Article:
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Are you attending a holiday BBQ today or prepping burgers for your family and friends? Make sure you know the facts and follow these safe burger and meat cooking tips.
Did you know that seeing isn’t always believing and a burger that is brown doesn’t always mean it is done?Color of beef can change based on fat blend and its pH levels. Many people assume that if a hamburger is brown in the middle it is safe to eat and fully done however, according to USDA research, 1 out of every 4 hamburgers turns brown before it reaches a safe internal temperature.
Looking at the color and texture of food is not enough— you have to use a meat thermometer to be sure. Food thermometers can be purchased in just about any store, including your local grocery stores, for less than $10. To check the temperature of burgers and meat you should follow these safe burger and meat cooking tips:
- Purchase a meat thermometer
- Check the temperature of the meat towards the end of the cooking process. Do not leave the meat thermometer in your burger or meat while it cooks.
- Make sure to insert the thermometer probe is in the center of the burger for at least 15 seconds.
- When a hamburger is cooked to 160 F, it is both safe and delicious.
Meat and poultry should be cooked to a safe temperature to destroy harmful bacteria that may be present. E. coli, a dangerous bacteria strain, can be killed by cooking meat to 160 F which is considered medium-well done.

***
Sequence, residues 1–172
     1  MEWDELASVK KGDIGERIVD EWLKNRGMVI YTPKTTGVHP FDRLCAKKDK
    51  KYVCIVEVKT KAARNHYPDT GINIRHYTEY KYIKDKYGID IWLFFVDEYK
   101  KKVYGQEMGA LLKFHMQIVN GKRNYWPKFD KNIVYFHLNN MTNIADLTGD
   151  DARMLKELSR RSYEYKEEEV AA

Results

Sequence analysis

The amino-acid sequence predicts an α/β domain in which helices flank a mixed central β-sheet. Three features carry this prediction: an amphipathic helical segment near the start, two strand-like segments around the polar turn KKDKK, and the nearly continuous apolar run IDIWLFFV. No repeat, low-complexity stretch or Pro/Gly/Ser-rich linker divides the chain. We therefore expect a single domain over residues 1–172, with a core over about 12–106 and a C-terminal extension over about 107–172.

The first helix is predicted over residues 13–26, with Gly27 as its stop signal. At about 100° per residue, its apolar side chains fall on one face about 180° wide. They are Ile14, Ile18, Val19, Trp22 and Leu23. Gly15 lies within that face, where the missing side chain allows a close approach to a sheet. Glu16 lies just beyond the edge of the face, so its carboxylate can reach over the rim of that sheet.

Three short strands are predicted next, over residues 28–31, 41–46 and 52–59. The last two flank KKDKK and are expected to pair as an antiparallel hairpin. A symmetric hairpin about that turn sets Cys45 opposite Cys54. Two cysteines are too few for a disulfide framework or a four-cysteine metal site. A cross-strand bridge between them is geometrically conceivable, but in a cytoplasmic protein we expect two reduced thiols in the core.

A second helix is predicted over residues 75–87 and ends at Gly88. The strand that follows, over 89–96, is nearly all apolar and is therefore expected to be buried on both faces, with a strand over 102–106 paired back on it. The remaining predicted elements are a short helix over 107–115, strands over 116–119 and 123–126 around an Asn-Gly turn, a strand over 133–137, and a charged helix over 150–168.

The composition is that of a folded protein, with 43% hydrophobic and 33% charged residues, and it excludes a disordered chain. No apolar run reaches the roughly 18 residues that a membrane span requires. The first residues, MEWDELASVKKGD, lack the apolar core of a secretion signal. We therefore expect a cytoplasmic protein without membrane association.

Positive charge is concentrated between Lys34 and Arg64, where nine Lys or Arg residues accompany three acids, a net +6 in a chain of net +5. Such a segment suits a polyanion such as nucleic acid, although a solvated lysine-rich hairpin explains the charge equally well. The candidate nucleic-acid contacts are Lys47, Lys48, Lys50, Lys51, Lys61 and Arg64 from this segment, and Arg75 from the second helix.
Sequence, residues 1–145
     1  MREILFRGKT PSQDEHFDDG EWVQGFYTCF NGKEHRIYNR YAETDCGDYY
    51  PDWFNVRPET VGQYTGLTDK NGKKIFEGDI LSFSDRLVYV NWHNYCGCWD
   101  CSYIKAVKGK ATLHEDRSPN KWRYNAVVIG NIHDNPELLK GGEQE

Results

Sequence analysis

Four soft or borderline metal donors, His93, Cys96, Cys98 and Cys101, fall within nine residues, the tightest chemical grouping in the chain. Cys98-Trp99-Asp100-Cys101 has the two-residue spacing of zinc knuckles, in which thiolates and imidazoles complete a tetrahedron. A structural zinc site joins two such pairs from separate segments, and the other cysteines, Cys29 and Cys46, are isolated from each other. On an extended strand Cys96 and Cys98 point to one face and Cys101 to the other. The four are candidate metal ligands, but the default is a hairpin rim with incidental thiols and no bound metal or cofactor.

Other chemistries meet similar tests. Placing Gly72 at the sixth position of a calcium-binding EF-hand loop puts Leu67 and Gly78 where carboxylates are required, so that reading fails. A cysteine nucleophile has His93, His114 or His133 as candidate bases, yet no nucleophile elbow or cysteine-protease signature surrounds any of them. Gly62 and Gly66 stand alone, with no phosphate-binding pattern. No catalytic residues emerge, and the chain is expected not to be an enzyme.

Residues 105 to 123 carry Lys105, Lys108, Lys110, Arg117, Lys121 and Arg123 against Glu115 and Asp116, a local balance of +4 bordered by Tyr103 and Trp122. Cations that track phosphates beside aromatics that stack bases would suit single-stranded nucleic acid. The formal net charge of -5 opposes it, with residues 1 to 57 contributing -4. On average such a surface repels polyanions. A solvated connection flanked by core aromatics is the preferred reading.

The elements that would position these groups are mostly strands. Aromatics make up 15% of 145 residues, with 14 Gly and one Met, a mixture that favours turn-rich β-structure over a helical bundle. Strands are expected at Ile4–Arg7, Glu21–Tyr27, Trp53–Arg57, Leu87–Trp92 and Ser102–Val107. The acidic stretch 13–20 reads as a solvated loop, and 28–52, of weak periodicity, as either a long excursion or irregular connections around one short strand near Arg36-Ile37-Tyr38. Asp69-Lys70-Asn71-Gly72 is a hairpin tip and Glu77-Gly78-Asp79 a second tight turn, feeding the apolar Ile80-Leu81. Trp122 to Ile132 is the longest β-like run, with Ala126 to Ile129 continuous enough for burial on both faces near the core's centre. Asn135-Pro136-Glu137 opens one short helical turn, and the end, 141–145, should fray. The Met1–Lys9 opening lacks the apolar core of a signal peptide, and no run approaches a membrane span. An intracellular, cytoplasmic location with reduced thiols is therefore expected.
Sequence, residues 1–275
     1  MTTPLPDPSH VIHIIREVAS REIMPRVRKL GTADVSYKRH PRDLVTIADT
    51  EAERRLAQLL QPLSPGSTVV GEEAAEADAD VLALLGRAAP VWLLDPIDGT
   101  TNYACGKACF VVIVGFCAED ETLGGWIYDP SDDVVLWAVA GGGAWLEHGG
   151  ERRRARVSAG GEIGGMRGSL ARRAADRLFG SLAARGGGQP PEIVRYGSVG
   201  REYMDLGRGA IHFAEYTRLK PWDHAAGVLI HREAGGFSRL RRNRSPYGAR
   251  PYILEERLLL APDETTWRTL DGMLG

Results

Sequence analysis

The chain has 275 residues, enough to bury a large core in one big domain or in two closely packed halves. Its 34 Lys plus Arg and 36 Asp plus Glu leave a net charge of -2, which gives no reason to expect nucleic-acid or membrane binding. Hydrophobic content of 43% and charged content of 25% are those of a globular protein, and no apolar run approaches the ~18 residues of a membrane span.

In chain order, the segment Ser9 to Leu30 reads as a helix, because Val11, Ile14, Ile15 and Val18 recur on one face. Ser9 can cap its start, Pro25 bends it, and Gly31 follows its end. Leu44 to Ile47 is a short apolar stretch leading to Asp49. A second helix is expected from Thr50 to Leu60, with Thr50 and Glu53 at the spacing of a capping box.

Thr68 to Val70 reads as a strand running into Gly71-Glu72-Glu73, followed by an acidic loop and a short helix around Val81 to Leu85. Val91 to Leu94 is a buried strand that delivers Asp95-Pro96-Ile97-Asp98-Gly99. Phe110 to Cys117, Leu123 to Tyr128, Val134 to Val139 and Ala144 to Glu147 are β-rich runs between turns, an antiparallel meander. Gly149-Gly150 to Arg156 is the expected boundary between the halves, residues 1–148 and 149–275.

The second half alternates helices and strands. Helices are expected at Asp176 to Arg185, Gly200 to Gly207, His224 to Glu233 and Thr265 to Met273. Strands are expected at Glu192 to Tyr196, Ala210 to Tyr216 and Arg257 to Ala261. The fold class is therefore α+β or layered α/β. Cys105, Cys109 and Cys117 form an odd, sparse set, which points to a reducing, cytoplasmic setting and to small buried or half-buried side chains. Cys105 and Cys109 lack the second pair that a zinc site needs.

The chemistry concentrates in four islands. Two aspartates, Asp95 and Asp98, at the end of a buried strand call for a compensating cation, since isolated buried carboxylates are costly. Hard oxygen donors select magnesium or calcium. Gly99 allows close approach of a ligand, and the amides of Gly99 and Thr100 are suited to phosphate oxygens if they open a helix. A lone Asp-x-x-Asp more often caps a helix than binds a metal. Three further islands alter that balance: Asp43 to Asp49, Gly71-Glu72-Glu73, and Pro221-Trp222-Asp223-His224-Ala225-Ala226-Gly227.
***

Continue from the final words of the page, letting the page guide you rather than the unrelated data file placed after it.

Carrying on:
Color of meat and poultry is not a good indicator of safety. Safe cooking temperatures, checked by using a food thermometer to make sure meats have reached a safe minimum internal temperature, can be checked by reviewing this handy chart.
Keep your family and friends safe this 4th of July and make sure you know how to serve the safest burgers and meats at your barbecues and family gatherings. For more information on meat temperatures and food safety check out the “Is It Done Yet?” brochure prepared by the USDA.
Happy 4th of July!
“This post was made possible through the support of USDA and Element Associates. All opinions are my own.”
This article was written by food blogger Linda Arceo and Giggles, Gobbles and Gulps